Fanleaf Hawthorn (Flabellata) is generally described as
a perennial tree or shrub.
native to the U.S. (United States)
Uses of : Landscaping, Medicinal, Culinary, etc.
Erosion Control: Because it tolerates a wide variety of sites, it can be planted to stabilize banks, for shelterbelts, and for erosion control.
Timber: Although the wood is hard and strong, it has no commercial value except for tool handles and other small items.
Wildlife: It provides excellent food and cover for wildlife.
Beautification: Excellent for environmental plantings including small specimen tree and shrub border.
General: Fanleaf hawthorn is a shrub or small tree that grows to thirty feet tall and seven inches in DBH, with thorns 1.2-1.6 inches along the branchlets. Leaves are broadest near the base to the mid-section, sometimes triangular shaped, lobed, hairy at first becoming smooth at maturity. Flowers are in clusters of three to fifteen. Fruits are globe shaped to broadest above the mid-section, usually bright red with juicy flesh.
Required Growing Conditions
Fanleaf hawthorn grows from northeastern North America to South Carolina and Louisiana.
Adaptation Although fanleaf hawthorn will succeed in partial shade and different soil types, it grows best in full sunlight and well-drained loamy soils. It will tolerate wet soils before becoming drought tolerant once established. It is also wind tolerant making it a good tree species in shelterbelt planting. It is also tolerant of atmospheric pollution and performs well in urban settings.
Cultivation and Care
Propagation from Seed or Grafting: Fanleaf hawthorn can be propagated by either seeds or grafting. Successful propagation using seeds requires acid scarification followed by warm stratification and prechilling. Seeds, whose numbers per lb. varies with species, are planted early in the fall, in drill rows eight to twelve inches apart and covered with 1/4 inch of soil. Seedlings must not be kept in the nursery longer than a year.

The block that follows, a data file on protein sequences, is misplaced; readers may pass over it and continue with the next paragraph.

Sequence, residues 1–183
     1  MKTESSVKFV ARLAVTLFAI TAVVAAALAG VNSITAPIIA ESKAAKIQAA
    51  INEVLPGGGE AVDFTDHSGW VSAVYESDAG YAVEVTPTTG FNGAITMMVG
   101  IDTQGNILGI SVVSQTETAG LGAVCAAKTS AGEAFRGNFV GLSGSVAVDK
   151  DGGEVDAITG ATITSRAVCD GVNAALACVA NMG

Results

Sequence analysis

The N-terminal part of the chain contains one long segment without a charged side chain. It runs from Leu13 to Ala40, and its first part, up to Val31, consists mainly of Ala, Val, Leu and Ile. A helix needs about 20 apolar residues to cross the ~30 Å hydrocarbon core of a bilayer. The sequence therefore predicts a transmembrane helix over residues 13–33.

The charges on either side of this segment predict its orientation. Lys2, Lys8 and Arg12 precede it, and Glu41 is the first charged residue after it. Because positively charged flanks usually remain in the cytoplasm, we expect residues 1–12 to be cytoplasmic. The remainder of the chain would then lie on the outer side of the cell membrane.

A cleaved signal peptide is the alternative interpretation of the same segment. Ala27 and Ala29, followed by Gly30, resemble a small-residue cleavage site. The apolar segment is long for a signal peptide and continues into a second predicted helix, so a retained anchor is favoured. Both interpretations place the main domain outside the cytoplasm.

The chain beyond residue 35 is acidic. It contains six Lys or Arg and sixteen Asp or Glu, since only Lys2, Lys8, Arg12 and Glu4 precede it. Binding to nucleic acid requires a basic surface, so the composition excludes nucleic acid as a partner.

Containerized trees should be planted when they are no more than eight feet tall, in the fall or spring. Balled and burlapped trees should be planted in early spring.
Grafting on seedling stock of Crataegus oxyacantha or Crataegus monogyna is best carried out in the winter to early spring.
General Upkeep and Control
Pruning should be done in the winter or early spring in order to maintain a clear shoot leader on young trees and/or remove the weakest branches to allow more light to pass through. Suckers or stems arising from the roots should be removed when they become noticeable.
Pest and Potential Problems Although insects and diseases seldom affect fanleaf hawthorn; however it is susceptible to fireblight, cedar-hawthorn rust, cedar-quince rust, leaf blight, fruit rot, and leaf spot.
Source: USDA, NRCS, PLANTS Database, plants.usda.gov.
National Plant Data Center, Baton Rouge, LA 70874-4490 USA